Thursday, November 10, 2011

Color images: RGB image

After the binary [Link] and gray-level images, the color images represent the last (and the most sophisticated) family of images used in image processing softwares. Colors are obtained by the combination of three primary colors. The latter may be different depending of the device displaying/printing the image.
In ImageJ, the most usual color images are encoded with the RGB color space.

RGB (for Red,Green, Blue) is the most common color space used by computers. It belongs to the additive color space family. That means that you start from the black color and by adding various quantities of red, green, and/or blue, you obtain all the color shades as shown in Fig.1.

Fig;1: RGB color space. The ImageJ script creating this image is at the end of this post.

ImageJ uses the RGB color space to define a color image. As shown in Fig. 2A, the titlebar of the clown image ( File > Open Samples > Clown (14K) ) contains the mention 'RGB' as image type.

Fig:2: Original RGB image and the three red, green, and blue corresponding channels

1- How can we observe the three color channels?

The color image can be split into three channels by using the function Image > Colors > Split Channels. Three 8-bit images are created corresponding respectively to the red, green, and blue channels. This means that a color image is a 24-bit image (equal to three channels of 8-bit). This type of RGB is also called RGB-24 or RGB-888.
Now, what about the colors? In Fig. 2, for example, the clown's red nose appears as a combination of light gray in the red channel and dark gray in the two others (green and blue) leading to the color red (corresponding roughly to red > 200; green ≈ 0; blue  ≈ 0).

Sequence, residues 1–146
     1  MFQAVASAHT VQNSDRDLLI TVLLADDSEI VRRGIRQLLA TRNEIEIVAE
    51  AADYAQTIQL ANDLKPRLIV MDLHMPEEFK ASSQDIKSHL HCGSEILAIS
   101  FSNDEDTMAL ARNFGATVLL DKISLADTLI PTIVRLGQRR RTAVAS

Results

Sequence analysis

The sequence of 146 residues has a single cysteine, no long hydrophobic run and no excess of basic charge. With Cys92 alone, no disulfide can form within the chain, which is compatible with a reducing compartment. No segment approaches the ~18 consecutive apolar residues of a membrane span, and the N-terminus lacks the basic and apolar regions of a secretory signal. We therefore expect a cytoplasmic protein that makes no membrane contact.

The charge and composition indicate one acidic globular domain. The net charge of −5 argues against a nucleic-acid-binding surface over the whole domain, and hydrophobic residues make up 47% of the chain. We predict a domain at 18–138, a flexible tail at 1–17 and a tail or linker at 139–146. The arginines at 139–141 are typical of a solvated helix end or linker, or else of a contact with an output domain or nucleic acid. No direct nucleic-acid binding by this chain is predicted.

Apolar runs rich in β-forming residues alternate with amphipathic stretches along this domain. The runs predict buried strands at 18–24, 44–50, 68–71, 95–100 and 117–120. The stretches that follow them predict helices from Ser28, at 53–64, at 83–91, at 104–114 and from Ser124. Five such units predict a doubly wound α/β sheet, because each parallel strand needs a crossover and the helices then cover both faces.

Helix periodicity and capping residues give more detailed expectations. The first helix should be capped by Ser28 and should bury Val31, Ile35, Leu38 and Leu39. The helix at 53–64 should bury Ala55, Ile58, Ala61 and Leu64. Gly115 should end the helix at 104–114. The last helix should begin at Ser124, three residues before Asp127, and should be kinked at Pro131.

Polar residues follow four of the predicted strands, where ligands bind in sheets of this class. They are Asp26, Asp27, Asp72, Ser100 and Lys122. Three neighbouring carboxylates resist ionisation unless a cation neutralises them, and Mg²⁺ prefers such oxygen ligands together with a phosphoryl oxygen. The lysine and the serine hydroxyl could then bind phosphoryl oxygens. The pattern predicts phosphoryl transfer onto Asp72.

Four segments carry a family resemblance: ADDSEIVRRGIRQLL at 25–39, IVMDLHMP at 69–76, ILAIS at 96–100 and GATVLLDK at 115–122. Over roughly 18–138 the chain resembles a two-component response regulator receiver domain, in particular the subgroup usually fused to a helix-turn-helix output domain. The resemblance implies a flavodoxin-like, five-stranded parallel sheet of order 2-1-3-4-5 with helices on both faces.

2- Gray to RGB conversion: merging channels

The reverse operation is also possible by merging three 8-bit channels to obtain a RGB image using the function Image > Colors > Merge Channels. Fill in the Red, Green, and Blue with the corresponding channels and let the Gray to *None*, uncheck the Create Composite and check Keep source images. Click on the OK button and your color image is back.
Of course, if you interchange the channels as shown in Fig. 3, the result leads to a completely different image...

Fig.3: Merge channels to build a color image. A) Dialog Box. B) Resulting image by interchanging the red and blue channels of the clown of Fig. 2.
The Merge Channels function is also useful to convert a gray-level into a color image.
Imagine that you want to visualize the location of objects of interest. In Fig. 4, the blobs image (File > Open Samples > Blobs) is thresholded (Fig. 4A) and an Analyze Particles is run to select particles with an area comprised between 0-400. The result is displayed as a mask (Fig. 4B). Finally, the thresholded and masked images are merged as red and green channels, respectively, yielding yellow small blobs among red larger blobs (Fig. 4C) ... a simple and demonstrative way to present your results.

Fig;4: Merging channels to highlight image features.

3- RGB to Gray conversion

In ImageJ, the function Image > Type > 8-bit (or 16-bit) easily converts a RGB into a gray-level image. But, in many cases, it's better to split the channels and keep the best (most contrasted) channel for further processing (thresholding, for example). This is specially true for multispectral images like fluorescence images where each wavelength is recorded in a separate channel as shown in the sample of Fig. 5.

Fig. 5: Gray-level conversion of a fluorescence image (File > Open Samples > Fluorescent Cells (400K) ). A) Original image from File > Open Samples > Fluorescent Cells. Split channels where B) Red corresponds to the actin filaments, C) Green to the microtubules, and D) Blue to the nuclei.

4- Scripts

The script creating the image of Fig.1
+++ IJ snippet ++++++ End of IJ snippet +++

5- Links

Level #1: Colors of crazybiocomputing mini-games.

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